Nanotechnology and Electronics

The competition for nanotechnology applications in electronic circuitry is meeting manufacturing volume challenges, reliability, and cost.  Until the manufacturing volume can be demonstrated, the reliability can not be evaluated.  Cost will be a function of developing means of high-volume manufacturing.  This is still some time in the future.  If the challenges are engineering challenges, the solutions will be found with enough industry effort.  There are three areas where nanotechnology appears to be providing some indication of a promising future: flexible nanomaterial based circuitry, sensors, and graphene-based circuitry.

Flexible Nanowires:

Researchers from the University of Glasgow [Ref. #1] have developed a process that can print nanowires using silicon and zinc-oxide materials with average diameters of 115nm and spacing of 165nm.  This permits the production of flexible electronic circuits.  An advantage is that the circuitry can be produced over a large area.  The potential for this approach is to provide the underlying circuitry for form fitting and flexible circuits.  One example that immediately comes to mind is the creation of custom circuits to work on prosthetics.


One area of sensor development if the application of carbon nanotubes imbedded within fibers.  Nerve-like conductive composites are produced using an elector-deposition of functionalized carbon nanotubes [Ref. #2].  Their work has been embedded within a number of traditional fabrics.  The coatings range from n205nm to 750nm thick.  The initial work was employed to measure the pressure on the various parts of subject feet.  Their claim is that the application can produce superior results in a variety of medical situations where the force pattern is important in developing the issue or injury.

Another sensor application is the development of an electronic “nose”.  There has been numerous research papers in this topic.  One example [Fig. #3] describes their efforts to enable a device employing nanosensors to analyze various chemicals that are exposed to the device.  The device examines molecules in vapor.  The device is small (handheld) and is accurate to with 20% of a gas chromatograph, which costs significantly more and takes longer.  Applications that required expensive and/or time consuming measurements can be replaced by portable and inexpensive devices that provide rapid analysis.

Graphene based Circuitry:

One of the issues of mass production is to be able to achieve the volumes at an efficient cost, which implies that the circuitry must be produced cheaply and rapidly.  One of the issues is that any approach must compete with semiconductor5 manufacturing.  Through the use of lithography for patterning, billions of transistors can be produced very rapidly.  There has been a change in the previously continual progress of reducing cost as the dimensions of the devices are reduced.  This recently changed in that the challenges in making the nearly single digit nanometer devices has become more expensive.  The consequence of this is that the cost per transistor has stopped shrinking.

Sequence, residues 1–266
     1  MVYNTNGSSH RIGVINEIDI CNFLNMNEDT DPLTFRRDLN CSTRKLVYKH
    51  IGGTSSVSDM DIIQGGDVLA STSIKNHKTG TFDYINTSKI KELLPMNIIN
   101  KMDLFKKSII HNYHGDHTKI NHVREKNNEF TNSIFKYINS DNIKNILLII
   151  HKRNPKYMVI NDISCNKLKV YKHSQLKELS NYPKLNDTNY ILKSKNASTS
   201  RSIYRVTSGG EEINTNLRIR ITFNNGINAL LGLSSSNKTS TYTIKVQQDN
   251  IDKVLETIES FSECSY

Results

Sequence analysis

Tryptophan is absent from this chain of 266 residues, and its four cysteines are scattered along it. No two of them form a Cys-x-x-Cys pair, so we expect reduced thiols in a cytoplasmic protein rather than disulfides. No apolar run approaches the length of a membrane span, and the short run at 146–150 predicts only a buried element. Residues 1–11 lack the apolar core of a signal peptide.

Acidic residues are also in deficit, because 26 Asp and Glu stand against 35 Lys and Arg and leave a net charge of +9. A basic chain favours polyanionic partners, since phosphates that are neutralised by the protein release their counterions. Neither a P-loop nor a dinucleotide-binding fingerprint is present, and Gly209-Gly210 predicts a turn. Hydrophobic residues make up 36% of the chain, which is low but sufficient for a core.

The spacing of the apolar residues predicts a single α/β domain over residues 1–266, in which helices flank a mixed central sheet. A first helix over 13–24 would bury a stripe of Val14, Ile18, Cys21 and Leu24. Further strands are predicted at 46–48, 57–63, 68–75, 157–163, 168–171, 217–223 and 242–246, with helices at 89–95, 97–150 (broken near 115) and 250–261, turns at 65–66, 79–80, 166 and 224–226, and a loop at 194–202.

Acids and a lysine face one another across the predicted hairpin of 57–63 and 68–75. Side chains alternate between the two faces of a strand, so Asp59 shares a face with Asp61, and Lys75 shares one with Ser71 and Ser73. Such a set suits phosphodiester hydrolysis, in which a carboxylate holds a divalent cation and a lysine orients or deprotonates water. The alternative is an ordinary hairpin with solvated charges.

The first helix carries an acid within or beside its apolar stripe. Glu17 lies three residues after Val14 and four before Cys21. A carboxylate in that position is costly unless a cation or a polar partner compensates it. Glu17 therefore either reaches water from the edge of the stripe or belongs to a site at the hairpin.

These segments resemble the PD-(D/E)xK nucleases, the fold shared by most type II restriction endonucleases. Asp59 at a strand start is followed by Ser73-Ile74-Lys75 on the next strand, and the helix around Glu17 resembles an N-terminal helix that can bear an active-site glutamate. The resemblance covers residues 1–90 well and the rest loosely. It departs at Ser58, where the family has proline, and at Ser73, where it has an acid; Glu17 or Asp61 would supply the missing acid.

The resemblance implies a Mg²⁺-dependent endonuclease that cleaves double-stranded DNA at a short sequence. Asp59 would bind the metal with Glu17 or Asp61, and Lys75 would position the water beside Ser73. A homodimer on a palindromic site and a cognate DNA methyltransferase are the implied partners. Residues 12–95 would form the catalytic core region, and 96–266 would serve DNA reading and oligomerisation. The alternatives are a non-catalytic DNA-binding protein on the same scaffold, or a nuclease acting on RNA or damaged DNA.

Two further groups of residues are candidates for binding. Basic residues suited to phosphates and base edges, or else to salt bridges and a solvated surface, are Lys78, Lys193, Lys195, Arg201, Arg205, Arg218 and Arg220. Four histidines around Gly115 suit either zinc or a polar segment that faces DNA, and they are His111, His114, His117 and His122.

The use of 2D materials has been promising, but high-volume production is not been proven.  Work at imec [Re. #4] has focused on building 2-D devices and layering them to produce the desired properties.  The issues with the process are that it is a multi-step involving a number of different materials.  The projection is that material availability in volume is 10 years or more in the future.  The hidden issue is that defect-free 2-D materials are not producible in dimensions that are required for volume production.


We are seeing the development of potential materials that can be employed to solve issues are not currently possible.  We are still in the materials development phase.  It will be a while before there is truly volume production of nanoscale electronic systems.


About Walt

I have been involved in various aspects of nanotechnology since the late 1970s. My interest in promoting nano-safety began in 2006 and produced a white paper in 2007 explaining the four pillars of nano-safety. I am a technology futurist and is currently focused on nanoelectronics, single digit nanomaterials, and 3D printing at the nanoscale. My experience includes three startups, two of which I founded, 13 years at SEMATECH, where I was a Senior Fellow of the technical staff when I left, and 12 years at General Electric with nine of them on corporate staff. I have a Ph.D. from the University of Texas at Austin, an MBA from James Madison University, and a B.S. in Physics from the Illinois Institute of Technology.

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